Swedish band EASY are perhaps best known in the UK for their debut album Magic Seed, originally released in 1990 on Blast First. This critically acclaimed album resulted in indie chart placings and support slots with the likes of The Charlatans, The Jesus and Mary Chain, The House of Love, and Lush. They subsequently put out a string of other albums on various Swedish labels, before moving to A Turntable Friend in 2017 for the reissue of Magic Seed, and the album A Heartbeat from Eternity which included a selection of tracks from their last two albums released in Sweden. A Turntable Friend has now released their latest album of all new material, Radical Innocence, which was recorded in London with well-known producer Pat Collier. There are songs in the classic indiepop style, like Day and Night with its blend of chiming guitar and airy keyboard, and the uplifting pop of Memory Loss, Revisionism and a Brighter Future, and then there are songs in which Easy reinvent indiepop with effective incorporation of influences from outside the genre. The title track inventively brings together urgent slicing noise, sombre cinematic piano, busy drumming with an almost military character, and melancholic guitar jangle that then melds into a sprawling psychedelic atmosphere. Golden Birds is a big epic track bringing together the noisiness of shoegaze and indie rock, soaring ethereal strings, and woozy, bendy sound effects. Southern Water Communities is built around a laid-back melody situated somewhere between American folk-rock and American indie rock, accompanied by chiming guitar in the best late 80s/early 90s indiepop style, underscored by smouldering noise and atmospheric, retrofuturistic keyboards. A creative album that retains all that's great about old-school indiepop while adding much that is new to this genre.

All three albums reviewed here are distributed worldwide by SRD, or can be ordered direct from the label at www.aturntablefriendrecords.com

latest album Electric Music is out now on A Turntable Friend on limited splatter yellow vinyl, limited black vinyl, CD or download. Sleeve notes by writer and comedian Stewart Lee give an overview of the band's 35 year history while delving into the philosophy behind the current album, a "state of the nation statement" filled with "existential despair". Like Driftwood is a superb pairing of melodic beauty and blistering noise, with a verse melody that would sound just as at home in a folk ballad and a chorus adorned with polyphonic harmonies, set within a whirl of choppy, squalling guitars. Song of the Afghan Shopkeeper (After Ben Judah) empathises with the experiences of a man trapped in inner city gloom, far from his family. The music is a tense and spiky rendering of Middle Eastern and Indian influences, with noise guitar alongside bulbul tarang, and a bhangra-infused riff owing much to Panjabi MC and Labh Janjua's Mundian To Bach Ke.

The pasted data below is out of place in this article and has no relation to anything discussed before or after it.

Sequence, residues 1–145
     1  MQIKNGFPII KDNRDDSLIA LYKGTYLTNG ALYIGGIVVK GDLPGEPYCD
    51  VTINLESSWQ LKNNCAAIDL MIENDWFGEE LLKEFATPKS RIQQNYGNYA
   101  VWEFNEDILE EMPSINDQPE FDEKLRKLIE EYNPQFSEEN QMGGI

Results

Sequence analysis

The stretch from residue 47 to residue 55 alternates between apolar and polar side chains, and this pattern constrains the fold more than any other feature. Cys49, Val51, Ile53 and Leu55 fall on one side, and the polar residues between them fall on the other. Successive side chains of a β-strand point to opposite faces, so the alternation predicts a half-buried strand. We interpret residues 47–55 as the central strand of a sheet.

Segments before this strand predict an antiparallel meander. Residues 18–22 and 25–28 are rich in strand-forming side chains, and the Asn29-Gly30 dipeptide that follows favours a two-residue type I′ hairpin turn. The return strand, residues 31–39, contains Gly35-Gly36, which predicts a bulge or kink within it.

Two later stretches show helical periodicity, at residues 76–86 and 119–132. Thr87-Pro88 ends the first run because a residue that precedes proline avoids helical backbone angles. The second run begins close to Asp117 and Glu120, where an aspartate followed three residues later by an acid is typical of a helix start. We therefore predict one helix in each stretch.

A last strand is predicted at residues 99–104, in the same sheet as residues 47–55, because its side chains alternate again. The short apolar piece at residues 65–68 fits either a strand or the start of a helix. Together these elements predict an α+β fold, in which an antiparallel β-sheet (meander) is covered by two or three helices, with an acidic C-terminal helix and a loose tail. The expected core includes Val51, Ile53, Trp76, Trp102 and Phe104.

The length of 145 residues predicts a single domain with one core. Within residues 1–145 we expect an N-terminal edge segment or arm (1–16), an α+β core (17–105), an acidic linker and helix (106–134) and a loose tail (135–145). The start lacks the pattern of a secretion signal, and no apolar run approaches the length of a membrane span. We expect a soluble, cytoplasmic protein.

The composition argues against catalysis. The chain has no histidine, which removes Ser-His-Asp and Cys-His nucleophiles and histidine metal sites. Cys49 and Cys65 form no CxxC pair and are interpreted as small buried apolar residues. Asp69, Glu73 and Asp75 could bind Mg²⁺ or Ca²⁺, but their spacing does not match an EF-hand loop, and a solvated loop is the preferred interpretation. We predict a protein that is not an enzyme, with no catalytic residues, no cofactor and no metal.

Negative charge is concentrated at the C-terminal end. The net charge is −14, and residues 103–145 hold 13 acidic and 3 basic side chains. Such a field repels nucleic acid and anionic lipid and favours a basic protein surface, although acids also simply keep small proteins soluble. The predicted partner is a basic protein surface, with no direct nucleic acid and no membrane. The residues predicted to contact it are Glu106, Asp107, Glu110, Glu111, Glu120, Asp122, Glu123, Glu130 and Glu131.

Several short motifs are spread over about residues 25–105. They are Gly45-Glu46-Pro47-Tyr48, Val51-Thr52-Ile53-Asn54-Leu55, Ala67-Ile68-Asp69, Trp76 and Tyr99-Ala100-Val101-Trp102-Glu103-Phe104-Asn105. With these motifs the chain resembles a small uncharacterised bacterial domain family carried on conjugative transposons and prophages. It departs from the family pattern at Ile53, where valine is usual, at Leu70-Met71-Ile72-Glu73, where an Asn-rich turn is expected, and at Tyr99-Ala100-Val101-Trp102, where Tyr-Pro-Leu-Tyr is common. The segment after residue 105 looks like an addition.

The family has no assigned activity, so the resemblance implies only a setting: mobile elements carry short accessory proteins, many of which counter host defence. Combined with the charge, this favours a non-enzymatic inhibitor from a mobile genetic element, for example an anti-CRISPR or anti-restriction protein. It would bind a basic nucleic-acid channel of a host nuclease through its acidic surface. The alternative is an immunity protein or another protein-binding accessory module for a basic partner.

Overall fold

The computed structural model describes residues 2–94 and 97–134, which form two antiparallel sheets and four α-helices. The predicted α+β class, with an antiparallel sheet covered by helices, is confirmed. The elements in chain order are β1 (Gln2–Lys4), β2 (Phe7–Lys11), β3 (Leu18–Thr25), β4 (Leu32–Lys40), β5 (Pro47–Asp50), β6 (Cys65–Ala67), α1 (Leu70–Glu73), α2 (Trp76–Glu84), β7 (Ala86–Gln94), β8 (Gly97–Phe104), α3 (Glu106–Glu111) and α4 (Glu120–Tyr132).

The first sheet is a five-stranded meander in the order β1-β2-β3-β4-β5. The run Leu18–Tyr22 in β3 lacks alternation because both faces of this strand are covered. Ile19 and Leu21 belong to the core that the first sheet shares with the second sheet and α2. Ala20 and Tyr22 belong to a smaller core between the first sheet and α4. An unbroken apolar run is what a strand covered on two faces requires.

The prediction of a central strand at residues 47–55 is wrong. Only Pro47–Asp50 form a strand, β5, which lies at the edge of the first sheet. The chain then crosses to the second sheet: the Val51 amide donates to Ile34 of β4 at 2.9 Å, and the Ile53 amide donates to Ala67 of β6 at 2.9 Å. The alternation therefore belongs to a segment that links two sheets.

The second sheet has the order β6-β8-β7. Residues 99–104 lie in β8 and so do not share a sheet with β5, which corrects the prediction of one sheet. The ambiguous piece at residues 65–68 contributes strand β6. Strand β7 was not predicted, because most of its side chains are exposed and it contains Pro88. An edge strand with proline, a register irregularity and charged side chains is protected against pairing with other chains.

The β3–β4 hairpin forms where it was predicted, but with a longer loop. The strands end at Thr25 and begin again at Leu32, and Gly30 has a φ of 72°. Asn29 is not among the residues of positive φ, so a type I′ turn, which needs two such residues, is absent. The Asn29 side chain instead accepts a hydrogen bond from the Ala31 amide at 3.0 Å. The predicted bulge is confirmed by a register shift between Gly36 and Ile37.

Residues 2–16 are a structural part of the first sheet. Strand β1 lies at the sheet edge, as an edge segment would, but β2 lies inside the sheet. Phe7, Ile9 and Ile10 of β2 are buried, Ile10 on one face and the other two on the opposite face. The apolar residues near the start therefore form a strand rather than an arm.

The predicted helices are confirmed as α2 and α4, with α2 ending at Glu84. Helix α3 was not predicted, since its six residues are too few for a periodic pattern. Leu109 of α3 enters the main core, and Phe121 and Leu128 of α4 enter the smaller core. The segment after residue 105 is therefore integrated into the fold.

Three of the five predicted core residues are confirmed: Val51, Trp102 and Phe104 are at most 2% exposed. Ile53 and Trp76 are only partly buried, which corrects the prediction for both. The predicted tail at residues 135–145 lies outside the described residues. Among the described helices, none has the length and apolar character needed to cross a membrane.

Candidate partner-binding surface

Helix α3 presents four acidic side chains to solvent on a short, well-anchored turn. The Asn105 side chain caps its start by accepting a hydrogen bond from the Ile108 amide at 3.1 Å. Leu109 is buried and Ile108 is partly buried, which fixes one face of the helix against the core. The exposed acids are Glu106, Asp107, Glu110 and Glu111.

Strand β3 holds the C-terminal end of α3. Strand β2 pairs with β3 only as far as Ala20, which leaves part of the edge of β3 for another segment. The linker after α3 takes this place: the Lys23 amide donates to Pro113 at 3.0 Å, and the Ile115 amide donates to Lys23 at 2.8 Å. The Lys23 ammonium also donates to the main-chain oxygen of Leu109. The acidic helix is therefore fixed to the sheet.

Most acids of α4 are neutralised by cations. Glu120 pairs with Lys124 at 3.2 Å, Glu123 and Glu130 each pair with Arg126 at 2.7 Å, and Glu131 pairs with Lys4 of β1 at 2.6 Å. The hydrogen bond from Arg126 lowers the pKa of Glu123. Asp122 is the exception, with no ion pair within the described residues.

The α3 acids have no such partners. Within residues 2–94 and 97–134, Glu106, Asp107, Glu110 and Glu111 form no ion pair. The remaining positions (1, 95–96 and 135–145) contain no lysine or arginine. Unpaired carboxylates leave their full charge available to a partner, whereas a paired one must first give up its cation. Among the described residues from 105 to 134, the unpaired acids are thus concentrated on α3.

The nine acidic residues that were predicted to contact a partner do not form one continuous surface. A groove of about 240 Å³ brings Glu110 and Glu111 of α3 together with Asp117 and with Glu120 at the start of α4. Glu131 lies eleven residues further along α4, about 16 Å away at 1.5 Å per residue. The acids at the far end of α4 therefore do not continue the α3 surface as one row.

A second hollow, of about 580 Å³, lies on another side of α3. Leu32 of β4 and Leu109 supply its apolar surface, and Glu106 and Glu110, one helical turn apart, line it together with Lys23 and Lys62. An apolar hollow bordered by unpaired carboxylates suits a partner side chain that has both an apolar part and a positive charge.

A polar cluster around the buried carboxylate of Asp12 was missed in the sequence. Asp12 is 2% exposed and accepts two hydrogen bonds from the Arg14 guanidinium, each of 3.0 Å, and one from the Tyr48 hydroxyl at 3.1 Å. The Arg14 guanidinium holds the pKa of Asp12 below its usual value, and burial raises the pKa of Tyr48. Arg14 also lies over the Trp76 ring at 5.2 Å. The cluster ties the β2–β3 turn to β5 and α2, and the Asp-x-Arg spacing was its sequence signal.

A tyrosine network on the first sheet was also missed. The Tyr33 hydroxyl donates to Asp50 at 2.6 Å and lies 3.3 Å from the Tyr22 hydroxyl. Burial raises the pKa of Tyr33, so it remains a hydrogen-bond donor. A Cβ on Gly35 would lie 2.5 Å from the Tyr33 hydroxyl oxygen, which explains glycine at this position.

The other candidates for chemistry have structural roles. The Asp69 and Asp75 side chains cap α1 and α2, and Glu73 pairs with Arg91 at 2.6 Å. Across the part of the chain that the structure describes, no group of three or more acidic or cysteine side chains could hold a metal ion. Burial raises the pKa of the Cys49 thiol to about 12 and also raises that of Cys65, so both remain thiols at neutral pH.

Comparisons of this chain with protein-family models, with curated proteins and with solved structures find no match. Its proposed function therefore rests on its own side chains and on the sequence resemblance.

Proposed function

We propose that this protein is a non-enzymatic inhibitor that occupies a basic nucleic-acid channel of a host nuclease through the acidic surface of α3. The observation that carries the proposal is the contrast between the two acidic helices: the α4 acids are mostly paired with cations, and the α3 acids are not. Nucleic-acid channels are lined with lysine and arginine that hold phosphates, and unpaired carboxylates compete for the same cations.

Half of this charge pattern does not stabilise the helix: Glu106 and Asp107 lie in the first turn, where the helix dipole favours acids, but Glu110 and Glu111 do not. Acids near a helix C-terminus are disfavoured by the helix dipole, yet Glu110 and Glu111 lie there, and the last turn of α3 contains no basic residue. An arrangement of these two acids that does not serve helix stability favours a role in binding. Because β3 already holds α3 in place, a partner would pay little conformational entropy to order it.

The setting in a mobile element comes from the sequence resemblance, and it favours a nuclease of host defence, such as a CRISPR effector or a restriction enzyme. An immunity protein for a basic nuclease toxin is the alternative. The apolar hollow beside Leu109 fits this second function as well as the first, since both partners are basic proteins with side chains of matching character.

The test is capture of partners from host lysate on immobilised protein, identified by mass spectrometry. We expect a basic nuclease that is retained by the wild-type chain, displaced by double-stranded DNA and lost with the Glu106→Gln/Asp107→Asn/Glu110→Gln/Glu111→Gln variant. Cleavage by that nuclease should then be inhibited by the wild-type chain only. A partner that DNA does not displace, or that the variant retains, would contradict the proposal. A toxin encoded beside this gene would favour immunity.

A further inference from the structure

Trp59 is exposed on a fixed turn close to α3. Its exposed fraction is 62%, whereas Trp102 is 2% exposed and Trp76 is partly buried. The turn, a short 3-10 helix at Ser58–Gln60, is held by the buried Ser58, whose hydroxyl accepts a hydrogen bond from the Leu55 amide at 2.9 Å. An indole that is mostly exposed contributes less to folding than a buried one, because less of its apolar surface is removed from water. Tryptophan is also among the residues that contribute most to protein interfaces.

...And Electric Music is chaotic, lopsided noisepop with grinding guitar noise and frantic electric violin. The Roaches, a bleak vision of warmongering politicians who would "start a nuclear war/just to show you who's in charge", juxtaposes tense guitar noise with almost classical aspects, including the unusual and effective addition of bassoon, provided by guest musician Rhodri Marsden who I remember from an assortment of angular 1990s bands like The Keatons and Gag. We Don't Believe Anything brings together the music of early last century with the bizarre sounds of the future, featuring a sophisticated cabaret-esque melody that combines the darkness of a smoky barroom with the immensity of a cinematic epic, underscored by a surreal experimental soundscape that gives the piece a highly original twist. Broadly speaking, this is a noisepop album, but a noisepop album made by people who know full well there are other genres out there and who aren't afraid to use them, resulting in a final sound that is as inventive as it is intense.


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Text © Kim Harten, 2020.